I'm standing behind a wooden lectern upon which rests my manuscript pages. I'm at a Barnes and Noble, or another local bookstore. My eyes glance up only long enough to catch a glimpse of the onlookers I note above. I begin to read. I either hear the words in my throat or I actually read them out loud, all the while existing in the fictional reality.
Because upon using this final editorial screen, by placing separate passages through yet another filter, I see edits never before witnessed. Necessary edits.

By some twist of consciousness I do not understand, I hear the necessary edits as I read. I've rerouted my brain to digest the words in a different manner. Utilizing this effective method, I'm able to apply 99% of the final editorial coat. I hear the edits for every 100 words or so (it can vary) and stop to correct the ms, then I continue like that, reading, halting, editing, and moving forward.

Following on above, I have one more technique to share.

This is a second brain reroute for the final nitpick edits. Again, I fail to comprehend how it works, but it succeeds. First, I choose a few slices of narrative, say around 200 words each, and I ask myself, "Which one of these passages is sharp and clean enough to appear on the novel back cover as a shining example? Answer? Zero... Why? Because upon using this final editorial screen, by placing separate passages through yet another filter, I see edits never before witnessed. Necessary edits.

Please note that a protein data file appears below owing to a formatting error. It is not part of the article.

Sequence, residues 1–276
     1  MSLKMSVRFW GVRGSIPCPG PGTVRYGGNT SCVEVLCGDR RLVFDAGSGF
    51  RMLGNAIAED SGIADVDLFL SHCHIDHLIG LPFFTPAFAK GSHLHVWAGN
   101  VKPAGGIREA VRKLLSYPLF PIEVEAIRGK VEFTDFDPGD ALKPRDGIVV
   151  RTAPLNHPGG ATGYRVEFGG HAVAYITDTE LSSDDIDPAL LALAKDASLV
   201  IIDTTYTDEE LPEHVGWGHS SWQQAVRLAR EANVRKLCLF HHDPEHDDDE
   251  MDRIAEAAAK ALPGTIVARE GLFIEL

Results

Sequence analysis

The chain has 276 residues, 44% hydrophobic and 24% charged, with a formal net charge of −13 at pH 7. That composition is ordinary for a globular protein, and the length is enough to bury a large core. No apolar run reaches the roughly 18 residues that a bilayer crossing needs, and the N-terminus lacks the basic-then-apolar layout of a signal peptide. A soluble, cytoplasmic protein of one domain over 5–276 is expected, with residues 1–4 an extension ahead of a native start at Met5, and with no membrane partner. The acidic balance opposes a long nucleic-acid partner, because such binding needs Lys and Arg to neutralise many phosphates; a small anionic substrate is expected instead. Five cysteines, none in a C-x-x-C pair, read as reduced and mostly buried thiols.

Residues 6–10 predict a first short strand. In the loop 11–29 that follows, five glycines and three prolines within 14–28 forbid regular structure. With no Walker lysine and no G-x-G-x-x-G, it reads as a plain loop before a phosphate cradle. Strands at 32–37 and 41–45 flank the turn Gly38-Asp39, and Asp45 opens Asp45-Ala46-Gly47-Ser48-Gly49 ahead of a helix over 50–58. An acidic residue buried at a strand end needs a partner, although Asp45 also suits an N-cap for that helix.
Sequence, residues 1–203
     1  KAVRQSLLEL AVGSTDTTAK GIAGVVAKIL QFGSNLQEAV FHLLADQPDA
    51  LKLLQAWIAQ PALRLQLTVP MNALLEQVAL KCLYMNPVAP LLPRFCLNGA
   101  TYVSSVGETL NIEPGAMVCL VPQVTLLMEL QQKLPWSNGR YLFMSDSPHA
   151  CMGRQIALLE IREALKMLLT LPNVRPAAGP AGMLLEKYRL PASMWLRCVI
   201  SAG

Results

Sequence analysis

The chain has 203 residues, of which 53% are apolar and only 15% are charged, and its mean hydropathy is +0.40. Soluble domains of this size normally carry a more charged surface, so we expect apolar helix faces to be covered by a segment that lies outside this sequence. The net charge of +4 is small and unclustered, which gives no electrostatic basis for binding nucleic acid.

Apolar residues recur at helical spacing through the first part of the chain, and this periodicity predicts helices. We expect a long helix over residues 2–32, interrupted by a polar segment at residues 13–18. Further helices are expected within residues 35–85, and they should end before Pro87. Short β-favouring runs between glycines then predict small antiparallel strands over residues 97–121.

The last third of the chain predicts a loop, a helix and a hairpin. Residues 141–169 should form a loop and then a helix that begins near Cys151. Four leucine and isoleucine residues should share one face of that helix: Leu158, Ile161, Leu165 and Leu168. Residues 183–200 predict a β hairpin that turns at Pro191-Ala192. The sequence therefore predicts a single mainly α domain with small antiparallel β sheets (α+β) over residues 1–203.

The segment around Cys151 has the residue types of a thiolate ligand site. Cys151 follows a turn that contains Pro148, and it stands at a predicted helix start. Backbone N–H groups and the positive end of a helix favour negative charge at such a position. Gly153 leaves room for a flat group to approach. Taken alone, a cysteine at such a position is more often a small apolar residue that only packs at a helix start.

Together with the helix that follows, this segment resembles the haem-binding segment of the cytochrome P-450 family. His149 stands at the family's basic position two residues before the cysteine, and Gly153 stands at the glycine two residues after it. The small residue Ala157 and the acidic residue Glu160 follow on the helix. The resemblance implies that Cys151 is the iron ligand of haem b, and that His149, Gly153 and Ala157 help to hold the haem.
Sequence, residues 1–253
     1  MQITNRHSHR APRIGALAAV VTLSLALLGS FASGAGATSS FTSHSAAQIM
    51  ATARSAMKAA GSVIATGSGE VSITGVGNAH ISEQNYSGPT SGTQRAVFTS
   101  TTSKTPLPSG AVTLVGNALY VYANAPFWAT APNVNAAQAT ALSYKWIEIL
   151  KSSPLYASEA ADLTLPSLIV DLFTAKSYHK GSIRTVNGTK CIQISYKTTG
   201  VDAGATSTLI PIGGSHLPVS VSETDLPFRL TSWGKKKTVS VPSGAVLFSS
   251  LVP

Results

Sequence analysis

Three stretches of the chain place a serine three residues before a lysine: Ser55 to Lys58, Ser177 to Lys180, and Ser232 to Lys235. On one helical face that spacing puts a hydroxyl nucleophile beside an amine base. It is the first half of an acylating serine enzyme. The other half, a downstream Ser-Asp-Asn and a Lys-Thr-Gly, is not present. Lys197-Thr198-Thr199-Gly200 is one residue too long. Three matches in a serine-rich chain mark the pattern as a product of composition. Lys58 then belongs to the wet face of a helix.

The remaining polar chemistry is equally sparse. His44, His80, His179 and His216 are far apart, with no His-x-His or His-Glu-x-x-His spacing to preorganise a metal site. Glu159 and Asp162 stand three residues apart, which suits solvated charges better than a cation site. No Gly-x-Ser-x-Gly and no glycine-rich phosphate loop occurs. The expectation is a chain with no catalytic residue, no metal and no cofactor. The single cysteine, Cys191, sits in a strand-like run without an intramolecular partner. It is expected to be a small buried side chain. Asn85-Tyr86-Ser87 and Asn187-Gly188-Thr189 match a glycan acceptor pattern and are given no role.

How had I missed them previously? Don't ask. I cannot answer.

It matters not. Again, it works. So now you have three phases of editorial technique at your disposal. Precisely how you utilize them while you evolve as a masterful fiction writer will create customizations, no doubt, so keep that in mind.

Scimas Via

 

Michael Neff